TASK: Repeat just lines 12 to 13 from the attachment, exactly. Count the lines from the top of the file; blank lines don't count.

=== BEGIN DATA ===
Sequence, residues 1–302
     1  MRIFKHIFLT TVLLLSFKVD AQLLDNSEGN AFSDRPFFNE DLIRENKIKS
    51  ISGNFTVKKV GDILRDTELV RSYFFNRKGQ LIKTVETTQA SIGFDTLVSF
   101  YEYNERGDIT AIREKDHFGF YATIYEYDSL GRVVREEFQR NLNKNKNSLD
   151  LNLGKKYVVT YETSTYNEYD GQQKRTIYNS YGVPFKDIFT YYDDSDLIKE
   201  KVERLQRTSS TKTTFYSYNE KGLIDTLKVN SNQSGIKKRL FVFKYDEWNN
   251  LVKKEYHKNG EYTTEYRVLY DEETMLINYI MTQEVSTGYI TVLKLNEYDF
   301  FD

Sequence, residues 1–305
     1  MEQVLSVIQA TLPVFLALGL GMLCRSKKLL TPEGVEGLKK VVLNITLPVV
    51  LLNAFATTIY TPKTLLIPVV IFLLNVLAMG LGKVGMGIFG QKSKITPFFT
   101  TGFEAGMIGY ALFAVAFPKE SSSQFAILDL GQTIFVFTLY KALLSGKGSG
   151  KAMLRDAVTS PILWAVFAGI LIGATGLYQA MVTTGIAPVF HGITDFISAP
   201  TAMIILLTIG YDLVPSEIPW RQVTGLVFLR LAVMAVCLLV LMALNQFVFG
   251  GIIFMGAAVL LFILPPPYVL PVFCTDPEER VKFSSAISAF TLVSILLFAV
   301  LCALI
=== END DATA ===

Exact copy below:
   101  TGFEAGMIGY ALFAVAFPKE SSSQFAILDL GQTIFVFTLY KALLSGKGSG
   151  KAMLRDAVTS PILWAVFAGI LIGATGLYQA MVTTGIAPVF HGITDFISAP